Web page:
To begin, the difference in setting establishes both Emily’s love for her victim and the Landlady’s lack of love for her victims. The Landlady has created a trap; everything about her lodgings is meant to be charming and inviting. Upon seeing animals through the window, Billy notes that “Animals were usually a good sign in a place like this” (Dahl 1), but the animals are purposefully placed, acting as lures. Her sincerity is as much a facade as the stuffed pets that decorate her establishment. In parallel, the Grierson house is entirely private to all but Miss Emily, her servant and Homer Barron. The environment Miss Emily creates for her victim is protective. She does not enclose him in a prison, but his own little world inside her home — one where nothing exists outside their love for each other. The room is supposed to convey their marital but there are details that imply the space is meant specifically for Homer Barron. Not only are a “suit, carefully folded; beneath it the two mute shoes and the discarded socks” (Faulkner V) found in the room but so are the silver toilet things with his initials on them. These details show that Miss Emily does not merely want a groom, but Homer Barron specifically. Compare this again to the environment from “The Landlady.” Because of the nature of her method of killing, the Landlady is incapable of personalizing the environment in which she kills. She tells Billy, “I’m inclined to be… choosy and particular… But I’m always ready. Everything is always ready day and night in this house just on the off-chance that an acceptable young gentleman will come along” (Dahl 2). Always being ready means the environment is constantly being changed; a room cannot be left for years at a time and be suitable to sleep in when finally used. After comparing the environments where Miss Emily and the Landlady conduct their murders, it becomes clear that the efforts Miss Emily makes to personalize her space show that she genuinely loves her victim, while, in contrast, the Landlady’s readiness for anyone who meets her expectations shows she does not hold the same depth of affection for her victims.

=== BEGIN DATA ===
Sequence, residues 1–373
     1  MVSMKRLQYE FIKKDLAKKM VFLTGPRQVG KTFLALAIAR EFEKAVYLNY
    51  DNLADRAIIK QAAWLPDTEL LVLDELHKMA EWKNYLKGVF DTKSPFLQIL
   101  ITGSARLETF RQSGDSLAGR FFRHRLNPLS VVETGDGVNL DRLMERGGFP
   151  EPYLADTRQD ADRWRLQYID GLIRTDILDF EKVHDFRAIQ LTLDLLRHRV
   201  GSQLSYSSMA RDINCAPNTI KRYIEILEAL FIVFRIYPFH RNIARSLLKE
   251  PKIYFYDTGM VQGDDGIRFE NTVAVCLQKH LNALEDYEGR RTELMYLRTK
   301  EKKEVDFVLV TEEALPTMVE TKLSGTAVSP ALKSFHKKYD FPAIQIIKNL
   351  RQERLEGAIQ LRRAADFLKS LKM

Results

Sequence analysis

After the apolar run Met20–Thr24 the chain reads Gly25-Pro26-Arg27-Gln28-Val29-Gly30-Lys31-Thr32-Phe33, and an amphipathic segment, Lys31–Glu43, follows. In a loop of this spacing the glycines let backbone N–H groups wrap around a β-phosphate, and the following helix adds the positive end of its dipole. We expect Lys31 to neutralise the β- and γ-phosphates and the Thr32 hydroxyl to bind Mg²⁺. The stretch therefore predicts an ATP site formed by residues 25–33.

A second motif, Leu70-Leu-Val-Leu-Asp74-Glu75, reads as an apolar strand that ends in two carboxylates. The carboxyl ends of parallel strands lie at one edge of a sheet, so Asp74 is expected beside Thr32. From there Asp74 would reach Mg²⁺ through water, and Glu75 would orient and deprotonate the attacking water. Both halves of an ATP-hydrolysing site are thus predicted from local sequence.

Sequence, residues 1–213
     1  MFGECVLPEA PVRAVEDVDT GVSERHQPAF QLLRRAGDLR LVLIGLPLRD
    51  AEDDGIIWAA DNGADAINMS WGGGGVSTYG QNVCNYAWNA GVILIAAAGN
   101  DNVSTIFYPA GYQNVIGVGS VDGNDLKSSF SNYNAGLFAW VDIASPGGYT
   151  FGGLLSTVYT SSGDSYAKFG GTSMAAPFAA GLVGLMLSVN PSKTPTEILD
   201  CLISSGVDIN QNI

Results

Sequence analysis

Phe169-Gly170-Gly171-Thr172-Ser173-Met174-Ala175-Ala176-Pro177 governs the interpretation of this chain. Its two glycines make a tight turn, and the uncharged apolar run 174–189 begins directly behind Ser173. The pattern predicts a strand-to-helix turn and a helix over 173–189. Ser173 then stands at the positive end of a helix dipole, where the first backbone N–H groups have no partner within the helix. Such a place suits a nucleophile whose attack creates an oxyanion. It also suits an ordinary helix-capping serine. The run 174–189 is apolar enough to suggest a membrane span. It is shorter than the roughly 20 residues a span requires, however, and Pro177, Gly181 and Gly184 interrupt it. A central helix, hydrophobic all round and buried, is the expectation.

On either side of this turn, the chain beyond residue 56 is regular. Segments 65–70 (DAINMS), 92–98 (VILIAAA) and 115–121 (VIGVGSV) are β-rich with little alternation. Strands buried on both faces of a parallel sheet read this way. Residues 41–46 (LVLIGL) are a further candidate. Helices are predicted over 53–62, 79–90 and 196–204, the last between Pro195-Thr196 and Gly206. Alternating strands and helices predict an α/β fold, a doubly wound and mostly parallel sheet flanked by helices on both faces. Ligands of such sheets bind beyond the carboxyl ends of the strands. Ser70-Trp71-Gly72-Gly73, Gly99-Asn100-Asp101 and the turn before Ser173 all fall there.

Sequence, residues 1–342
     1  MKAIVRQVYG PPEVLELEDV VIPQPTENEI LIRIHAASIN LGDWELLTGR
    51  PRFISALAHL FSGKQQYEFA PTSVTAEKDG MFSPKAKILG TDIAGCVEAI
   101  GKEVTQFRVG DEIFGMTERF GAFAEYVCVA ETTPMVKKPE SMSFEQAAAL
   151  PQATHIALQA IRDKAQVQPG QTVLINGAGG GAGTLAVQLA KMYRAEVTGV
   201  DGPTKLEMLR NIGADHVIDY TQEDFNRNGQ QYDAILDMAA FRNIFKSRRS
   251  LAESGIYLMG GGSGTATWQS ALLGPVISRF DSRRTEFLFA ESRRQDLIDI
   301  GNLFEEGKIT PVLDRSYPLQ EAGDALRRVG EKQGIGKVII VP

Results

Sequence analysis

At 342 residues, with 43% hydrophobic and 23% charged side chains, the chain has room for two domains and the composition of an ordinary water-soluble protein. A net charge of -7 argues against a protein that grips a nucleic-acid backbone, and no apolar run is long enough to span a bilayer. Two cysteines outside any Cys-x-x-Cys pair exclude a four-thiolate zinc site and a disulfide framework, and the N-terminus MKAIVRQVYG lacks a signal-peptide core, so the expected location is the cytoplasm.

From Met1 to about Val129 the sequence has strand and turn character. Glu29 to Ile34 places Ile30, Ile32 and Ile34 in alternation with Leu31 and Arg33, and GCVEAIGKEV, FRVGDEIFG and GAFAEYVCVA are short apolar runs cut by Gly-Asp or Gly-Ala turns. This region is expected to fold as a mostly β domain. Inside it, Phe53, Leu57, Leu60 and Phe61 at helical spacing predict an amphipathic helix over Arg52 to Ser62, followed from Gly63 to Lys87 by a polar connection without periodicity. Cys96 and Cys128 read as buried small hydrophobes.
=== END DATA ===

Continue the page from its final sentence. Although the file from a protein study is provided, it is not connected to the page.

One of the most revealing differences between the sentiments Miss Emily and the Landlady have for their victims is the details of the victims themselves. The Landlady is a serial killer with three victims, all strangers, by the end of her story. Miss Emily has only one confirmed victim: her fiancé Homer Barron. Although the difference at first seems inconsequential, it shows that the Landlady has less regard for her victims than Miss Emily has for hers. Billy Weaver’s accounts of his stay at the Bed and Breakfast clearly demonstrate that the Landlady is collecting young men based solely on their objective, attractive qualities. After remarking that Billy is an acceptable applicant to her establishment, the narration notes that “her blue eyes travelled slowly all the way down the length of Billy’s body, to his feet, and then up again” (Dahl 2). This gesture, in particular, denotes sexual objectification. When the Landlady sexually objectifies Billy, she turns him into a means to an end, a tool that she uses in order to support her obsession. And by the end, he is a literal object to her. In their findings on serial murder, Ronald M. Holmes and Stephen T. Holmes write, “The victim must fulfill the killer’s fantasy for him to be satisfied. Since most… serialists kill for sexual purposes, it is evident that the victim should… possess attractive traits” (Holmes and Holmes 223). This “fantasy” is unsustainable, as evidenced by the Landlady taking multiple victims, but it is also unfulfilling as an emotional connection. On multiple occasions, the Landlady misidentifies or even forgets the names of those she has killed: